When it comes to change, the company should be ready for the after effects. Opposition from different and importantly the most unexpected corners should be expected. Workers should be given time, if they haven’t been able to adapt to the change. This negativity can be seen through their resistance to work and comprehending changes. Read the Complete Article

Change Management In Six Sigma

Change Management In Six Sigma
By Tony Jacowski

Change is the only constant thing in the world and businesses are no exception to this universal principle. The aim of change is bringing about continuous improvement in the competitive world through which businesses hope to surpass their competitors to meet customer needs better than the rest.

Change Meets Resistance

You need to anticipate resistance from unexpected corners while contemplating and proposing change. This could be for the first Six Sigma project or for the subsequent project, despite rigorous results with previous project implementations. Workers may respond by ignoring the change, by refusing or failing to comprehend changes, disagreeing with apparent benefits and resorting to delay tactics and tantrums. Other instances can be ignorance from other sections within the organizations and non-cooperation on projects

Managing The Change In Six Sigma

Project leaders understand that most resistance has no valid reasons.

1. For example, let us take the case of ignoring the change. Read the Complete Article

The 6 Steps To Six Sigma

The 6 Steps To Six Sigma
Submitted by: Tony Jacowski
The First Step – Executive Training

The very first step for implementing Six Sigma in an organization is to ensure that executives at all levels are conversant with Six Sigma principles. This requires hiring a team of senior consultants who work through regular interaction with the executives and make them understand data interpretation, its relevance, and uses.

Second Step – Training Trench Level Staff

Next in line would be training the front line staff, as they are the people who have in- depth and firsthand knowledge about the day-to-day operational activities. They need to not only understand but also sincerely believe in the benefits of Six Sigma as they are at the execution level and control and direct the bulk of the workforce. It is therefore vital for the staff to believe in and stand by the company to ensure success of the whole project. Read the Complete Article

Six Sigma Project Management

Six Sigma Project Management
By:Tony Jacowski

Employing Six Sigma for the business environment is for achieving well-defined goals. The project selected for deploying Six Sigma is not self-sustaining and can develop tendencies to get off target following even the slightest let up in its management. The focus of the Six Sigma management committee is to steer the project implementation to meet those stated goals within budget and time constraints.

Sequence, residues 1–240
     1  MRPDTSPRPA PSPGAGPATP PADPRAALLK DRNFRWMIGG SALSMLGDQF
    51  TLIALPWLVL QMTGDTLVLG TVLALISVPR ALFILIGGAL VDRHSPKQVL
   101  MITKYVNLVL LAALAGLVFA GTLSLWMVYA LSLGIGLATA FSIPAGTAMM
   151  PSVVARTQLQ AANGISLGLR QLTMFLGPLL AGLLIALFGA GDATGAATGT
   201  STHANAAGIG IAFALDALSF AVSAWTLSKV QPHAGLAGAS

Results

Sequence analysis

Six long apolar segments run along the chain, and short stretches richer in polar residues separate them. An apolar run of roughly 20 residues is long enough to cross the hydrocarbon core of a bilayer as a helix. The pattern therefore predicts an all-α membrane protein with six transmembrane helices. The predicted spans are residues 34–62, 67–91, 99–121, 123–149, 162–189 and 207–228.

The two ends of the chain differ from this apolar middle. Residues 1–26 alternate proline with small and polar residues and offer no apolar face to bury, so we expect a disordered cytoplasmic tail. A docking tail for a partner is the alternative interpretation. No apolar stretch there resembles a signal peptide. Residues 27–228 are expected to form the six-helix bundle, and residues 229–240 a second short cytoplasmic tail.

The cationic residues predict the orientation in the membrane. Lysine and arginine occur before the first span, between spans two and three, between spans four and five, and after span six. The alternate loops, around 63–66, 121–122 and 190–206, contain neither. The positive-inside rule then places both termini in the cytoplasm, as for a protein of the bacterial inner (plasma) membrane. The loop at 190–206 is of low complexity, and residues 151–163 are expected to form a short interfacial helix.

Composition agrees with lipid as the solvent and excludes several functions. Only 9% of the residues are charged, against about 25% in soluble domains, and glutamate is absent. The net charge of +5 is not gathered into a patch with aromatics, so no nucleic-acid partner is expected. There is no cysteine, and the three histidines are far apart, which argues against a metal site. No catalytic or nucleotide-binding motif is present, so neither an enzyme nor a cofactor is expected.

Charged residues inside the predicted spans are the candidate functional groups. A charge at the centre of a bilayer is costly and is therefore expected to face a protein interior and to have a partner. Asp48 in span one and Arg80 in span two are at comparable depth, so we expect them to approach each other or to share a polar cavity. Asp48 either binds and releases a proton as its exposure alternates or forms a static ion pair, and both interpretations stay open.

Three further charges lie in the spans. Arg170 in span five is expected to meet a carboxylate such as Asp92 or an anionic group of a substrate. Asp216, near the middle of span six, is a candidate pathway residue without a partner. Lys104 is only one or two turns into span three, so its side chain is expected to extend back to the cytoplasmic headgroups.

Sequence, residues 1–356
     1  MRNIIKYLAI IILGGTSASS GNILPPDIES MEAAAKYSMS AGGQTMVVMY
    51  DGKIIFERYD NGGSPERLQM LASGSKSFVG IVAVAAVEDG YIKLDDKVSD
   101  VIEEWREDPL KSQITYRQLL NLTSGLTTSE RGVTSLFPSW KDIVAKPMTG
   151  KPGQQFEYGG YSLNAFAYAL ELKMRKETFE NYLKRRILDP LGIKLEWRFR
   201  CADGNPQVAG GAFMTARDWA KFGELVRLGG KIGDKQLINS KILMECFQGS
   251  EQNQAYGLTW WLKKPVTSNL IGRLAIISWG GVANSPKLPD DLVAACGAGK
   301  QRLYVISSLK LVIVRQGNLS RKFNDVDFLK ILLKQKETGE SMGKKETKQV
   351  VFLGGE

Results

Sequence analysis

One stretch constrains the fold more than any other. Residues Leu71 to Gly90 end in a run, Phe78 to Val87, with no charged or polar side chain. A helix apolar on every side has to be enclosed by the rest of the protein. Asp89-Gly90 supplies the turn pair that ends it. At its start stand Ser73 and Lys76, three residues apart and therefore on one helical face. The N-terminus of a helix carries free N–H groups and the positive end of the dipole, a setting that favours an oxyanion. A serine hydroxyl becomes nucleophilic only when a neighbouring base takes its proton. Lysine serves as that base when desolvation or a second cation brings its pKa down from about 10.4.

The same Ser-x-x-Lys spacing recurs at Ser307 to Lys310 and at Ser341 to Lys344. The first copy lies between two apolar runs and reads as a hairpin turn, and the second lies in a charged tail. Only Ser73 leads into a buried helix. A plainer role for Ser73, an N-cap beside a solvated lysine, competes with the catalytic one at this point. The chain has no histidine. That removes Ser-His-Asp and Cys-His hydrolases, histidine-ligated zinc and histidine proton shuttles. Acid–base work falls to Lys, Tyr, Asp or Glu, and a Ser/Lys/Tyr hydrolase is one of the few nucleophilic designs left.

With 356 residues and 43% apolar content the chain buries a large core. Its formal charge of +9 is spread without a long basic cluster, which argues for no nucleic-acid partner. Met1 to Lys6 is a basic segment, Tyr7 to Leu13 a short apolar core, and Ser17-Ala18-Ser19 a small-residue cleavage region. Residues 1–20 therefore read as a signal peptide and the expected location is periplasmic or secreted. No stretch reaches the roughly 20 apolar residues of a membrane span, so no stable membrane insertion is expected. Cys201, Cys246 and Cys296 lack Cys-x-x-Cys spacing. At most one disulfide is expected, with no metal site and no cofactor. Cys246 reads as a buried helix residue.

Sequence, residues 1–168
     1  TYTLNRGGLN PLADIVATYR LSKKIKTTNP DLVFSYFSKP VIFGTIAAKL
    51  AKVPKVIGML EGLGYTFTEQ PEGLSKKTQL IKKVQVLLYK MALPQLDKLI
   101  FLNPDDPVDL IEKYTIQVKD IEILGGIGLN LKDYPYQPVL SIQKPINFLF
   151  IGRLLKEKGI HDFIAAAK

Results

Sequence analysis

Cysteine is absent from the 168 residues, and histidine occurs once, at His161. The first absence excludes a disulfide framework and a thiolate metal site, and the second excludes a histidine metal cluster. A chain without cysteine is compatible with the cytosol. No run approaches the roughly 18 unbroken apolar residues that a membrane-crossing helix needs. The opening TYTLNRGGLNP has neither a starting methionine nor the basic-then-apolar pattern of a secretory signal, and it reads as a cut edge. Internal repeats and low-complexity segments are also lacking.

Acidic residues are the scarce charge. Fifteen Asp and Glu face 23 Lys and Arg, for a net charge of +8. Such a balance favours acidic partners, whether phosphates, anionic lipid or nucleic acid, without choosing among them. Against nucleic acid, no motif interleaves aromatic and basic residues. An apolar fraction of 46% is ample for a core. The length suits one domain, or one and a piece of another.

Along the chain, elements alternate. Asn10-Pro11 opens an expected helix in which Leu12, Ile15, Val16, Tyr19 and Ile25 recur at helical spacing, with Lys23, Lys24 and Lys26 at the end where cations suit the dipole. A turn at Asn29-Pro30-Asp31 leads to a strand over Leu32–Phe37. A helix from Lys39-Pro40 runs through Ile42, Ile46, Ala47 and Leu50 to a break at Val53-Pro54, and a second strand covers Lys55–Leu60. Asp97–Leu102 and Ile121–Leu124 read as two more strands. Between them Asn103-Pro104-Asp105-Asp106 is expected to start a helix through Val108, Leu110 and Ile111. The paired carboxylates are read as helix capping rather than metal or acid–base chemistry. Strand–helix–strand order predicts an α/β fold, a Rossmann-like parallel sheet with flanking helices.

Six Sigma Project Management Stages

Project management in Six Sigma begins even before selecting a project. In the run up to the implementation, the right kinds of people, who have proven track records, are selected for Black Belt positions. Since Black Belts are the pillars of managing six sigma, it essential that candidates have proven qualities such as attention to detail, tendency toward problem solving and a proclivity for dedicated work.

Organizational clearances, essential for project implementation, have to be sorted out at this stage. Read the Complete Article

Defining Six Sigma Projects

Defining Six Sigma Projects
By Tony Jacowski

Six Sigma projects can be defined as the process through which companies are able to reduce defects and improve the quality of business processes. However, the success of any Six Sigma project depends on a number of factors such as clearly defined objectives, management support and approval, and proper training of Six Sigma teams associated with the project.

For ensuring the success of Six Sigma projects, senior management issues a project charter, which clearly defines the specific goals and objectives of the project. The project charter authorizes the project manager to allocate organizational resources for the completion of the project in the stipulated period.

Project Charter

A project charter typically contains a detailed description of business needs that are to be addressed by the project. It lists all the reasons underlying the need for the project, which may include new business opportunities or even new business threats posed from competitors. Read the Complete Article